In a world where some legislators are working to completely erase transgender and nonbinary people, visibility can be a radical act. (With Idaho having passed two discriminatory, anti-trans bills just last night, such radical acts are more urgent than ever.) As Laverne Cox said in 2014, “It is revolutionary for any trans person to choose to be seen and visible in a world that tells us we should not exist.” Cox’s statement was a rallying cry for me six years ago, as a nonbinary person who was just beginning to find the words to define and express myself to the world.
Since that “tipping point,” transgender and nonbinary people are more visible in media and public affairs than ever before, which can have an incredibly positive impact. As a social media manager for The Trevor Project, I hear from LGBTQ+ young people regularly who say that supportive celebrities, media personalities, and even favorite characters have helped them feel seen. Simply having a trans role model to look up to can send a message to trans youth that a future is possible. And positive representation can work to humanize the transgender community, normalizing our experiences and making them relatable to outsiders.
Visibility matters, but visibility alone is not equality. The slew of anti-transgender legislation we’ve seen in the last three years is a reaction to the gains in visibility and awareness made by the trans community. Our progress has spurred intense backlash and ongoing campaigns of fear-mongering and disinformation to restrict transgender people’s rights across the board, from access to medical care, athletics, the bathroom, and more. Legislators who are not transgender and who often have very little understanding of gender identity or sexual orientation are rushing to pass bills to erase, invalidate, or harm a community that they think popped up out of nowhere only a few years ago. But trans people were always here, we were just invisible.
Increased visibility has also come with increased expectations about what it means to be trans. For example, there can be the expectation that all trans people want to abide by binary gender roles. However, for some trans and nonbinary people, being seen outside the gender binary may be the goal. Visibility brings up complications for both nonbinary people breaking down gender roles and for binary transgender people conforming to gender roles. What does it actually mean to be visible in a gender, and how is our perception of gender informed by body shapes and sizes, our assigned sex at birth, our race, and more?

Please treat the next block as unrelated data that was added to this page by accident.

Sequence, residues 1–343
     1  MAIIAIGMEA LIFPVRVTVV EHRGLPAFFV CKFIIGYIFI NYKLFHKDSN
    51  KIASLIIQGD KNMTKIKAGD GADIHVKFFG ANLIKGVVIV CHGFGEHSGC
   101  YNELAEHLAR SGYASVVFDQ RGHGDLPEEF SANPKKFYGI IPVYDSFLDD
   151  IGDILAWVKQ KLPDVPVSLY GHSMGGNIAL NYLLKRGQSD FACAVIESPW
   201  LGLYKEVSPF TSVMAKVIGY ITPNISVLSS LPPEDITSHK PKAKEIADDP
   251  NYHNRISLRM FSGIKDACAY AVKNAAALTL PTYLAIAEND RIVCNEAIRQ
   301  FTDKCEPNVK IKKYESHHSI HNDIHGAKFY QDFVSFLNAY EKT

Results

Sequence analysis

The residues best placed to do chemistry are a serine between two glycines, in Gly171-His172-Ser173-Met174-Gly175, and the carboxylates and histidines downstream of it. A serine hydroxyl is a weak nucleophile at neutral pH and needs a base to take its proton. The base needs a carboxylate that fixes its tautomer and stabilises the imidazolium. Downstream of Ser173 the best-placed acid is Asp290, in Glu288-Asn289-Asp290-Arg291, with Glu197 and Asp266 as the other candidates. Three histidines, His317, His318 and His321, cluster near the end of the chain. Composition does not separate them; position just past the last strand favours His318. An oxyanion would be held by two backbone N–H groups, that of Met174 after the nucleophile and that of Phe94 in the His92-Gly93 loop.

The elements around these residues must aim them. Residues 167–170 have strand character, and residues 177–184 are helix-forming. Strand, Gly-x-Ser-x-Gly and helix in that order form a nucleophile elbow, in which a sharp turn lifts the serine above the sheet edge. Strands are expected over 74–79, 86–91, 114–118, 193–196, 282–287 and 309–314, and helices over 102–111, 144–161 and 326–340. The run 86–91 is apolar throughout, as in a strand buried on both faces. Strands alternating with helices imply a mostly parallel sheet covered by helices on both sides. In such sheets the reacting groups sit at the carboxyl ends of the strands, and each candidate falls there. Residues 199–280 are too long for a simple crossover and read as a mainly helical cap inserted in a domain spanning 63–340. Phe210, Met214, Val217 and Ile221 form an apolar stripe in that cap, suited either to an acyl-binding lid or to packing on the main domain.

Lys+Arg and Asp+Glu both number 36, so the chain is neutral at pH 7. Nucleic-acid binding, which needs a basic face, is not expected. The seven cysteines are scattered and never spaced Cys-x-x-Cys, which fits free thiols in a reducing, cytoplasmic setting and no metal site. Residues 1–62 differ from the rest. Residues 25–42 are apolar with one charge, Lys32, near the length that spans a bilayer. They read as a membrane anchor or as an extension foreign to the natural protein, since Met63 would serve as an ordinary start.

Our visibility has come at a higher cost to some and can be a liability for many transgender people, who may face myriad reasons for not wanting to disclose their gender identity or be labeled as “trans.” Being “visible” may actually mean having one’s gender identity align with how one is perceived in the world: as a woman or a man, a girl or a boy. This is commonly referred to as “passing,” or being correctly gendered after transition. The term “passing” can be problematic because it implies that a person has to “convince” others of their gender, rather than being able to simply express their true self. Nonetheless, for many transgender people, being able to “pass” as the gender they align with is important to their own sense of self, and the privilege to “pass” can allow one to move safely through environments where being perceived as transgender is a danger. Visibility can be harmful if it undermines a trans person’s sense of safety or acceptance. Transgender and nonbinary people do not owe it to us to disclose, and they also don’t need to present their gender in a certain way to be afforded the same rights and respect as everyone else.
The pressure to perform gender in a particular way is unique to different people, depending on assigned sex, race, access to healthcare, and income to afford clothes, makeup, or other ways of expressing oneself. Gender identity is not the same as gender expression and people should be able to express themselves however they want, but we live in a gendered world. Women may be able to wear pants, but as Jia Tolentino writes in a Guardian piece titled “Athleisure, Barre and Kale: the Tyranny of the Ideal Woman,” “Feminism has not eradicated the tyranny of the ideal woman but, rather, has entrenched it and made it trickier.” Men are usually not expected or encouraged to wear skirts and dresses — just one of the many ways in which we enforce what manhood is and how it should be expressed. Nonbinary people bear the responsibility of having to continually educate those around them in order to be recognized at all.